Julian Casablancas + The Voidz – ‘Tyranny’

The Strokes man and his ragtag band of rebels get lost in a weird, self-indulgent assault on corrupt capitalism

Neon lights flicker in the burnt out hell of a post-apocalyptic Manhattan cityscape. Out of the darkness drive The Voidz, a ragtag band of rebels clad in crusty leather, society’s last hope against the tyranny of corporate oppression. Their leader scans the radio static until he settles on a chaotic noise. The camera pans up to frame the face of our hero: Julian Casablancas.

OK, so the Strokes frontman hasn’t actually filmed his own version of Escape From New York, but if he had then ‘Tyranny’ would be a ready-made soundtrack. Once the crown prince of NYC indie, the 36-year-old has recast himself as punk rock’s answer to the 1981 film’s star Snake Plissken. He’s called ‘Tyranny’ a “protest record” about how “corruption is king”, but its aesthetic owes more to 80s dystopian sci-fi than Bob Dylan or Pete Seeger. Sinister synths, industrial beats and film dialogue echo through 12 tracks that startle at regular intervals.

The name Casablancas has chosen for his band nods to Richard Hell and The Voidoids, but that late 70s punk sound is filtered through discordant, unsettling noise which owes as much to Lou Reed at his most deliberately obnoxious. ‘Tyranny’ isn’t always an easy listen. Indeed, it’s often a puzzling one. It’s a long, long way from the early endorphin rush of The Strokes, a million miles from his smooth solo debut ‘Phrazes For The Young’ and totally unlike last year’s sublime Daft Punk collaboration ‘Instant Crush’. But what ‘Tyranny’ does have is enough attitude to outsnarl a rottweiler at 50 paces. At its best, as when Casablancas wails about oblivion on ‘M.utually A.ssured D.estruction’, it sounds like The Strokes have been dropped in noxious waste and emerged as Troma-style Toxic Avengers.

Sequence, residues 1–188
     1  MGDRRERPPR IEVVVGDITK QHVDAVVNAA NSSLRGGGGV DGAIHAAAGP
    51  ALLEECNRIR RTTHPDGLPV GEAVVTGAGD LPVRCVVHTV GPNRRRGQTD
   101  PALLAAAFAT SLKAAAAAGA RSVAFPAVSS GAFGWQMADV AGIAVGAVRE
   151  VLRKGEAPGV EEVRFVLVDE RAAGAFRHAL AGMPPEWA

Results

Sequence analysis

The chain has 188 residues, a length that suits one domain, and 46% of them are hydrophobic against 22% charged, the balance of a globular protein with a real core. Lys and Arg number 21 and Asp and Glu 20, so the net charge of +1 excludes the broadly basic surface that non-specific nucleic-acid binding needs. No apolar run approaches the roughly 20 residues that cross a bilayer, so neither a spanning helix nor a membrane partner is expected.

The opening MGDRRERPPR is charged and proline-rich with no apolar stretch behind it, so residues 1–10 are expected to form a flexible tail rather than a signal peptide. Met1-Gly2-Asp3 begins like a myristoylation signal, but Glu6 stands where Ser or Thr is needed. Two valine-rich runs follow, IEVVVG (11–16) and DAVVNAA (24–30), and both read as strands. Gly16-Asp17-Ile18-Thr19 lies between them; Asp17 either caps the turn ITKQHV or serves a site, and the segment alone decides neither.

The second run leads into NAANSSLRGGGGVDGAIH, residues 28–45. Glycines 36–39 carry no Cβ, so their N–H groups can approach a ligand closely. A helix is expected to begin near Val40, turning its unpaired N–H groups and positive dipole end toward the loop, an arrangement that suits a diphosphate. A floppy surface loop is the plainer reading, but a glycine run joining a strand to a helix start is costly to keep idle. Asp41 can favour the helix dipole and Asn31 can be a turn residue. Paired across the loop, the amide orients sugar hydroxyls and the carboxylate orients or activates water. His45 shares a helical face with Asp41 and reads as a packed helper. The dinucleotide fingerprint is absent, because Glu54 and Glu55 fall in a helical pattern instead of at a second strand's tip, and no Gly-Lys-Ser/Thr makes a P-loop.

The rest doesn’t work quite so well. Producer Shawn Everett, who’s previously worked with the likes of Weezer and Har Mar Superstar, doesn’t do much to rein anything in. There’s the sense that both he and the assembled Voidz – guitarists Jeramy ‘Beardo’ Gritter and Amir Yaghmai, bassist Jake Bercovici, keyboardist Jeff Kite and drummer Alex Carapetis – are so excited to have found themselves in a band with Julian Casablancas that they’re not going to do anything as foolish as fucking it up by telling him that maybe not all of his shits are 24-carat gold. There’s a moment during the 11-minute slog of the perhaps aptly named ‘Human Sadness’ where you realise he’s floated out of contact with the tune like Sandra Bullock lost in space.

In the brilliant recent biopic 20,000 Days On Earth, Nick Cave tells bandmate Blixa Bargeld that he now realises the importance of editing in songwriting. Through thorough and fastidious work he polishes his songs into works of art. Casablancas, by stark contrast, seems happy to indulge his every whim and throw in every idea he’s got – there’s some decent Afrobeat drumming going on somewhere in ‘Father Electricity’, for example, but for some reason it’s buried under the sound of a large vehicle reversing. Still, while ‘Tyranny’ is wildly self-indulgent – and often at the expense of quality – you could never say that it’s boring.

These songs match the freakish, studs-and-leather-encrusted aesthetic of The Voidz, and anyone here in search of signposts to new Strokes material will leave sorely disappointed. But then, this new project was never going to yield the next ‘Last Nite’. Instead, ‘Tyranny’ is dark, angsty and frankly very weird: the sound of Julian Casablancas’ very own escape from New York.